5 Film Noir Photography Tips


1
Use Gobos to Enhance the Setting and Mood
Using a gobo allows you to fake elements of a shot. If you can't get a live person to serve as your menacing shadow, a little creativity with some poster board and scissors or a matt knife can give you the same effect.
Using a gobo allows you to fake elements of a shot. If you can't get a live person to serve as your menacing shadow, a little creativity with some poster board and scissors or a matt knife can give you the same effect.
©iStockphoto.com/Robert Cocozza

In the film industry, the term "gobo" is used to refer to a "go-between," or an object that falls between the lighting source and the object to be filmed. Gobos create special effects with the light, including specific colors and shapes. Gobos aren't just used in the film industry, either. You may have seen people using spotlights with commercially produced gobos to cast light effects on the outside of their homes and businesses during holidays or special events.

In film noir, the shape of the shadows, both on the subject and across the background, help set up the scene. For example, shadows of prison bars can evoke the mental image a dark jail cell. Those shadows are an important part of the setting, and they can add to the artistry of each scene.

The great thing about gobos is that they never actually appear in frame. They don't need to. Our minds combine the dialog and body language from the actors with what we can see on the set to create an assumption about what's behind the camera. Thus, you don't need prison bars to create that effect of being behind bars. Instead, you just need a gobo that can create shadows that look like prison bars.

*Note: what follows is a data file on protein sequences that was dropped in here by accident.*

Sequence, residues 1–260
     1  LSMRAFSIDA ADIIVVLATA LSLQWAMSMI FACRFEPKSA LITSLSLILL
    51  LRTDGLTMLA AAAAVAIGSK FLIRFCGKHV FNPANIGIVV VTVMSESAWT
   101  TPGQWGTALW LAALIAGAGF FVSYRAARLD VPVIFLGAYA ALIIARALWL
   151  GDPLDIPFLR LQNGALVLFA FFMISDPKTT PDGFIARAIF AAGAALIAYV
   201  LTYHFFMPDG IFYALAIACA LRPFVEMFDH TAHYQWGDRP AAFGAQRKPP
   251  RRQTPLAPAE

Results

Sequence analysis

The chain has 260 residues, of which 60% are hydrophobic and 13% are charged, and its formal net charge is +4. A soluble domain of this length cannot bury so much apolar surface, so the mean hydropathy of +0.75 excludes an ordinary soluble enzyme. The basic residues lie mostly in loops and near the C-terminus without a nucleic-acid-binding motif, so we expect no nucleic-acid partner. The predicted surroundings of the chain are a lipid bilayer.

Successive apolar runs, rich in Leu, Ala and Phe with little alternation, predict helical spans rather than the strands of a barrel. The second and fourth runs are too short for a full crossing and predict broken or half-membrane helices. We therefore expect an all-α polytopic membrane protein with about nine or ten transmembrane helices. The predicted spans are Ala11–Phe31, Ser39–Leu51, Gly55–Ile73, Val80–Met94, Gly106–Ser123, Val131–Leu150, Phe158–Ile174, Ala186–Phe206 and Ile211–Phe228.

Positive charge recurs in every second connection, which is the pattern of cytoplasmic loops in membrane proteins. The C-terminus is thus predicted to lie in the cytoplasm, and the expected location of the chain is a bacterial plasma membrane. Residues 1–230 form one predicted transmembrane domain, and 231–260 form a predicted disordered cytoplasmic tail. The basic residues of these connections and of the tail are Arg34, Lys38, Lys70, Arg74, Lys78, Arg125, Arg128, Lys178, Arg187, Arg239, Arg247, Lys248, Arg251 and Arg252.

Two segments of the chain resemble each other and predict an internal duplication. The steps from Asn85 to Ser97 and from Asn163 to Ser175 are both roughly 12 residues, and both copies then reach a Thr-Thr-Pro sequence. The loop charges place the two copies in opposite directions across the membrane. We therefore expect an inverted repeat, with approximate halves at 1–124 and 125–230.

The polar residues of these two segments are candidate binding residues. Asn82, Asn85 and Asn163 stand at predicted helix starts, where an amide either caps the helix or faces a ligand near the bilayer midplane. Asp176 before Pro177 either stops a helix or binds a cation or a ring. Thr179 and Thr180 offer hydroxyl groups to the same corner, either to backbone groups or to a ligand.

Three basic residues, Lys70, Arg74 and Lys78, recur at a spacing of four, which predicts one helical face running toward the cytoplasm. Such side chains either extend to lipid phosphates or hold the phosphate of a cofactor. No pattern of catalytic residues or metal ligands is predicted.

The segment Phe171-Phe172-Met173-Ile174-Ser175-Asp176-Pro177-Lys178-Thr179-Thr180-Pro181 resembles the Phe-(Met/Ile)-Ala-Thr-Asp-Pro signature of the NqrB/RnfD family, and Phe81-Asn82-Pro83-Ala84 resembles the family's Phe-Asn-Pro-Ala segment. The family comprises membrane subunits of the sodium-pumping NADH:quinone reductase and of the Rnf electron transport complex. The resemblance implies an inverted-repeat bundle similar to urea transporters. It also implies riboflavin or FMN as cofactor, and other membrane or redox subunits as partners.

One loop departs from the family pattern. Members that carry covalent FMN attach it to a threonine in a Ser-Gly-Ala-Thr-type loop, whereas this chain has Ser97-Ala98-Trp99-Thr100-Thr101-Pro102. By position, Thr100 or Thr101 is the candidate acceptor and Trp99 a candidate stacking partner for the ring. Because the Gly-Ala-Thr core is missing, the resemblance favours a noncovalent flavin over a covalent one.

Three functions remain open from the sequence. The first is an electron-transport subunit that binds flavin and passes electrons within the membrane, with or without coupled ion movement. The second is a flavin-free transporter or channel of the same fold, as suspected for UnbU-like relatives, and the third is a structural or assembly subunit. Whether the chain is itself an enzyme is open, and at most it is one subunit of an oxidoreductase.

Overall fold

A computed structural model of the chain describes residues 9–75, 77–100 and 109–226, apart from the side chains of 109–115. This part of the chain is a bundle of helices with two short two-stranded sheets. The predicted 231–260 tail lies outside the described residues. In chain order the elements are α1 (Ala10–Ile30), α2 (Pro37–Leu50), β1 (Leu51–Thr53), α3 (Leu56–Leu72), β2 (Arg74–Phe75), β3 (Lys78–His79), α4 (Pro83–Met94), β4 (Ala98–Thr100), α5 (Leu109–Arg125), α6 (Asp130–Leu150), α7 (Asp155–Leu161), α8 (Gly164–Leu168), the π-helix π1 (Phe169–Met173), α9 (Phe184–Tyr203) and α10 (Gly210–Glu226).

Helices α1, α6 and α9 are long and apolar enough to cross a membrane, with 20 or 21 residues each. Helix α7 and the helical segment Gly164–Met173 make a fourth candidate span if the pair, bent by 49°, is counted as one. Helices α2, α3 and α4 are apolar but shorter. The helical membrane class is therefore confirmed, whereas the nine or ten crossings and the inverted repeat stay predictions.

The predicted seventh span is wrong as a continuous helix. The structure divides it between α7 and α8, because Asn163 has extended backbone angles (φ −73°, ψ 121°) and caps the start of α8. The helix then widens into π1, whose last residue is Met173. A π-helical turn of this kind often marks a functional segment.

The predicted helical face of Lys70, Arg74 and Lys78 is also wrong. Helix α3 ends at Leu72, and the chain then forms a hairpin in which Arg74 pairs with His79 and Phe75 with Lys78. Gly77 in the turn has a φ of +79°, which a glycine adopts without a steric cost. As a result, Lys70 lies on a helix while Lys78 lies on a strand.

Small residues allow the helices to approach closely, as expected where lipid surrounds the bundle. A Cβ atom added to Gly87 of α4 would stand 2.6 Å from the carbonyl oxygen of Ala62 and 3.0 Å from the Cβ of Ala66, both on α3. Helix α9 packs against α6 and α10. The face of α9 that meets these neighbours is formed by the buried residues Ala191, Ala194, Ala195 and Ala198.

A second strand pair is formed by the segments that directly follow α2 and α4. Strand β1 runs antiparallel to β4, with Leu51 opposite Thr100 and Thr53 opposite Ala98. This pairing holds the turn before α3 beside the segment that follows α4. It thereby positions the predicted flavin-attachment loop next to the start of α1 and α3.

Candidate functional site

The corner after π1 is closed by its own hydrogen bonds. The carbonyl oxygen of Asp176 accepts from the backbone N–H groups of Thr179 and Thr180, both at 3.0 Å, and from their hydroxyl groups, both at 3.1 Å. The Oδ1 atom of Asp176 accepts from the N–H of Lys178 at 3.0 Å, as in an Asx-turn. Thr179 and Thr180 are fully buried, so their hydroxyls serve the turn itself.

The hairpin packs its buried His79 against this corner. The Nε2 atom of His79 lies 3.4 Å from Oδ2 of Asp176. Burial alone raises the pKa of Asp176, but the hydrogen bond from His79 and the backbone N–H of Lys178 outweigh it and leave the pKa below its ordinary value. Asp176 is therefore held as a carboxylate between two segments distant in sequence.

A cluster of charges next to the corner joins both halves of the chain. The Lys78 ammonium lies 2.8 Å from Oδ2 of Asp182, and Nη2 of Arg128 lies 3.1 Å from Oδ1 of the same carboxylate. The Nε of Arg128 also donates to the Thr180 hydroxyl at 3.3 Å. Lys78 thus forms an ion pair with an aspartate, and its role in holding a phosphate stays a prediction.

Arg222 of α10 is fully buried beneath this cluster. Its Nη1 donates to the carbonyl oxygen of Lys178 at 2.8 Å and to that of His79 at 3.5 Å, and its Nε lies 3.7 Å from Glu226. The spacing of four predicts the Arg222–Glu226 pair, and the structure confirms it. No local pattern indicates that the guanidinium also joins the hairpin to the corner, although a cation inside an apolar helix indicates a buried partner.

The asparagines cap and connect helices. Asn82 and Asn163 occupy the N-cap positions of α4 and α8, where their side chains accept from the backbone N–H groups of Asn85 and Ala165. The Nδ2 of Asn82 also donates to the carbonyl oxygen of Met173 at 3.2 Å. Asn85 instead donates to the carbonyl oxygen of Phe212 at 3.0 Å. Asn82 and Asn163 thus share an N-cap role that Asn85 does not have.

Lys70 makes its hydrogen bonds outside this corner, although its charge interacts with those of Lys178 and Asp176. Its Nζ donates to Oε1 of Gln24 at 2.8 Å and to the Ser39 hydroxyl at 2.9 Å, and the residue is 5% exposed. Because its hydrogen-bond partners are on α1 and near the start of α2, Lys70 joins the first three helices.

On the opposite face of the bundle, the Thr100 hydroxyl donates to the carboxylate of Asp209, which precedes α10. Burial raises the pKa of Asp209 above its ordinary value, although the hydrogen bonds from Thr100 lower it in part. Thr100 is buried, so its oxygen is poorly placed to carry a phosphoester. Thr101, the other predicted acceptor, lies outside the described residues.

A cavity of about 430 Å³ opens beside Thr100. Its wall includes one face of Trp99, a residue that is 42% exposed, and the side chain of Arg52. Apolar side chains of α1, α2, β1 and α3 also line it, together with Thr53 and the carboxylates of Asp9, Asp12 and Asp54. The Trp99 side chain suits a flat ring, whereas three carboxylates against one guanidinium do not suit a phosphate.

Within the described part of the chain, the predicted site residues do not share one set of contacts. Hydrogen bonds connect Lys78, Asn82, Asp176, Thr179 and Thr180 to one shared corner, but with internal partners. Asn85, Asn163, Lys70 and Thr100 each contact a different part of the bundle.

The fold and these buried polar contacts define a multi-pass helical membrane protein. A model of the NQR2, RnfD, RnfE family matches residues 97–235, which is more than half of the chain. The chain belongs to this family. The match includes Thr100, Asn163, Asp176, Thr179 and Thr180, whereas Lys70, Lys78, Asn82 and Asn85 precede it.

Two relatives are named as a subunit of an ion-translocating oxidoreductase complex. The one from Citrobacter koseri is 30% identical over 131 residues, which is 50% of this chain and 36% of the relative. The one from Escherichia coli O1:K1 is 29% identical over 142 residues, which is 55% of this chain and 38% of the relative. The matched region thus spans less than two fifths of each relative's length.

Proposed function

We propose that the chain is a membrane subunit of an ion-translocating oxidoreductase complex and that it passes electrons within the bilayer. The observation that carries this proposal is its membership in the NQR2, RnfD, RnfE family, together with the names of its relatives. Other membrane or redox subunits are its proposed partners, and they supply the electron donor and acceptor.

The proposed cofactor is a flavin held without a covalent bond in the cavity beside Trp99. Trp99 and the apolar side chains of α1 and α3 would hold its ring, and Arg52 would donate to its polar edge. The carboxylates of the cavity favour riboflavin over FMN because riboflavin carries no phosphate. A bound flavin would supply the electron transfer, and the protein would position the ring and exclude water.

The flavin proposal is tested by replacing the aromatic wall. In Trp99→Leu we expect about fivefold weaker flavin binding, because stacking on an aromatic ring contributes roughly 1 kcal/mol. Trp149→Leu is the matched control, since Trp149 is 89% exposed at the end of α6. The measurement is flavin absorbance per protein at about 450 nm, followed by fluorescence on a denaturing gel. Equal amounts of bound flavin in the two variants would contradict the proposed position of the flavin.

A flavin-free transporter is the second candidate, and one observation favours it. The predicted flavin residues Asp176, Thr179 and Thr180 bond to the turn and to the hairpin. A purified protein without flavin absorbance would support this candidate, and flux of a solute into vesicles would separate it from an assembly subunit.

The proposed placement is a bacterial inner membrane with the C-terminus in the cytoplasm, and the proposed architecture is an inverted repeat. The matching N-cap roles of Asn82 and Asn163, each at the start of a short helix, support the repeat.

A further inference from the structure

Since gobos never appear in frame, you could create your own instead of purchasing an expensive gobo device. Cardboard and poster board make good gobo templates. Just cut out the shape of the light you want to cast, then position the gobo between the light and the framed shot as needed to create the desired effect. Also, consider using objects around your house as gobos, like an oscillating fan or window blinds.

That concludes our tips, but be sure to check out even more great information about film noir photography below.

Author's Note

Film noir was a bit of a mystery to me before I researched this article. I knew I loved films that were described as film noir, but I didn't have a sense of what film noir was when I saw it. The Lee Horsley Web site was incredibly helpful in understanding film noir. I enjoyed learning more about both the art and history behind film noir, and I can certainly understand the industry's continued love of the style. In addition, I now have a list of film noir and neo noir movies I must see soon!

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Sources

  • Dirks, Tim. "Film Noir." American Movie Classics Company LLC. (Feb. 21, 2012) http://www.filmsite.org/filmnoir.html
  • Horsley, Lee. "The Development of Post-war Literary and Cinematic Noir." 2002. (Feb. 20, 2012) http://www.crimeculture.com/Contents/Film%20Noir.html
  • Hyman, Israel. "7 Strategies to Shoot Video in Low Light." Izzy Video, LLC. 2011. (Feb. 21, 2012) http://www.izzyvideo.com/low-light-video/
  • MediaCollege.com. "Dutch Tilt." Wavelength Media. (Feb. 20, 2012) http://www.mediacollege.com/video/shots/dutch-tilt.html
  • Rule of Thirds Photography (RoTP). "Dutch Angle Photography." Bolin Graphics. (Feb. 20, 2012) http://ruleofthirdsphotography.com/dutch-angle-photography/
  • DIY Photography. "What, Me Film Noir?" Feb. 26, 2009. (Feb. 21, 2012) http://www.diyphotography.net/what-me-film-noir

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